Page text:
When I started reading this filing, I actually started laughing. This is probably the most ridiculous thing I have read in quite a while. Robert L. Craddock (right), self-proclaimed guru of whatever he is doing at that particular moment, has spoken through his court appointed Federal Defender. Together, they are putting forth “the following to show why probation, restitution, community service and a fine are the appropriate punishments.”
MR. CRADDOCK pled guilty to two counts of wire fraud pursuant to a plea agreement. (Doc 27) The $117,700 loss to Gulf Coast Claims Facility occurred when MR. CRADDOCK submitted a single false claim alleging lost revenue due to the Deepwater Horizon oil spill. (Doc 47, ¶¶ 10-11) The total offense level of 13 and a category 1 criminal history under the United States Sentencing Guidelines (“Guidelines”) correspond with an advisory sentence between 12 and 18 months. (Doc 47, ¶66) MR. CRADDOCK is self-employed and can pay a fine if allowed to maintain that employment.
And here is the part that caused me to laugh rather loudly:
Five years of probation is a prolonged punishment that reinforces daily the seriousness of the offense and deters any unlawful behavior by MR. CRADDOCK for, should he violate any term of probation, imprisonment follows. Additionally, requiring that MR. CRADDOCK perform community service and pay a fine and restitution benefits society, promotes respect for the law and compensates the business victim. MR. CRADDOCK has demonstrated while on supervised release that he will scrupulously adhere to all conditions of release and the Court can confidently conclude that probation poses no threat to the community.
Yeah, I thought that was hilarious. Craddock is now and has always been concerned with benefiting society!! (As long as he makes money) But, it gets even better:
Rather, the absence of mental, emotional and substance abuse issues and the exemplary compliance on pretrial release support the determination that the most effective correctional treatment for MR. CRADDOCK is to allow him during these stagnant fiscal times to nurture his business so that society benefits from new technology that he is developing and the possible employment of many others to manufacture and market that technology.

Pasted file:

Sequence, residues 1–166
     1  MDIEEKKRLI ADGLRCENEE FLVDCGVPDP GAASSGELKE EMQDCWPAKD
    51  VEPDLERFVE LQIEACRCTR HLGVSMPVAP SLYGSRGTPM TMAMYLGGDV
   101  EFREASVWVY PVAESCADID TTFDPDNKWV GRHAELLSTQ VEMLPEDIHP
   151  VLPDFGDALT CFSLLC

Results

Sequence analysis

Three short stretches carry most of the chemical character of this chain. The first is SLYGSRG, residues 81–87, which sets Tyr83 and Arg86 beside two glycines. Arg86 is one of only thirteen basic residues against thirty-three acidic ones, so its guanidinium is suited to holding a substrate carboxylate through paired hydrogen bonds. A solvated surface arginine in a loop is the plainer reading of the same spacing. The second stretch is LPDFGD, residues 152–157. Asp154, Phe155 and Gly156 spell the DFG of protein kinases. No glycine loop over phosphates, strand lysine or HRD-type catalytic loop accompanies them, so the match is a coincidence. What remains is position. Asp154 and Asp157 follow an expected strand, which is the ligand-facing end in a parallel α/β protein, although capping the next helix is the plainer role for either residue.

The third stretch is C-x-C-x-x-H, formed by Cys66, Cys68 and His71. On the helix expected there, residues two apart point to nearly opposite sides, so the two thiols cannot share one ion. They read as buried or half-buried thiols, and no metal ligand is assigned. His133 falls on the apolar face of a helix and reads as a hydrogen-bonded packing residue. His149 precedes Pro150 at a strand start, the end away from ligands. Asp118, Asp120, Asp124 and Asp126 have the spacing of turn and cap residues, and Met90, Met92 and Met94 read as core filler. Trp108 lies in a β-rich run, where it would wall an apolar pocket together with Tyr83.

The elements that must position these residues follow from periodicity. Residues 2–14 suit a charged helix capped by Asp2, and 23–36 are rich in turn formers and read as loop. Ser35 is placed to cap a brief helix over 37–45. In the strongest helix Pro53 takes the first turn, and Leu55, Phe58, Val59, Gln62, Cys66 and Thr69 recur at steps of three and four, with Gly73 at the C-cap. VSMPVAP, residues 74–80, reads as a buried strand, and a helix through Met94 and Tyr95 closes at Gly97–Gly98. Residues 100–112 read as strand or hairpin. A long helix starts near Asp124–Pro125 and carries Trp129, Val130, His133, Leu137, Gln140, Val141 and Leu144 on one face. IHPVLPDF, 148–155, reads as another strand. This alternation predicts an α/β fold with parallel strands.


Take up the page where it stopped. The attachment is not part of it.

The “new technology” in question is “QxStart”, yet another MLM telecommunications scheme, as if there has not been enough of those. Attached is an exhibit from Stephen Carnes, the President of Kryptos Communications, Inc., in which he
“states in his letter that his company depends on building and growing the distribution network that is “dependent upon Mr. Craddock’s continued involvement with QxStart.” (A-2). The marketing and sale of this product impacts the employment of others.”
I also have my doubts that it is anything more than another pyramid scheme, much like other “programs” that has seen Craddock as a member and promoter. Next, we hear about Craddock’s concerns over his marriage and how we wants the world to have cheap communications:
His promise to always be there for his wife of 25 years is in jeopardy due to his behavior and the responsibility he feels toward his wife provides insight that he has learned a valuable lesson. The evolution of his company that, at times, benefited local communities through donations and contributions of services and ideas has now expanded so that people around the world may one day be able to afford low cost mobile communication. The company is now beginning to expand is in the field of communication technology, where even a slight delay in the development and marketing of new technology will substantially diminish the likelihood of success.
Yep, nothing like being a convicted felon and trying to market “new technology”. I am sure people want to invest money with someone who committed fraud. And in his usual effort to “spin” things, Craddock has an Exhibit attached which reinforces just how wonderful he really is:
Likewise, Charles Lynch, a long-time friend of MR. CRADDOCK, expresses dismay but recalls his experiences with MR. CRADDOCK beginning during employment in 1997 and concludes, “I don’t fully understand how Robert has gotten in this situation but what I can say is there was never a time I felt if I needed help I could not call Robert and he would drop anything to come help.” (A-3). These letters show that a support system is in place that promotes the successful completion of probation by MR. CRADDOCK.
I think the only genuine thing here is Craddock is sorry that he got caught.
A felony conviction for fraud carries with it a special stigma and the loss of reputation, embarrassment, humiliation and shame that is reflected in the letters to this Court.
Um, I think when Craddock tried to trademark the word “Scam” might have been the starting point for the loss of reputation and humiliation.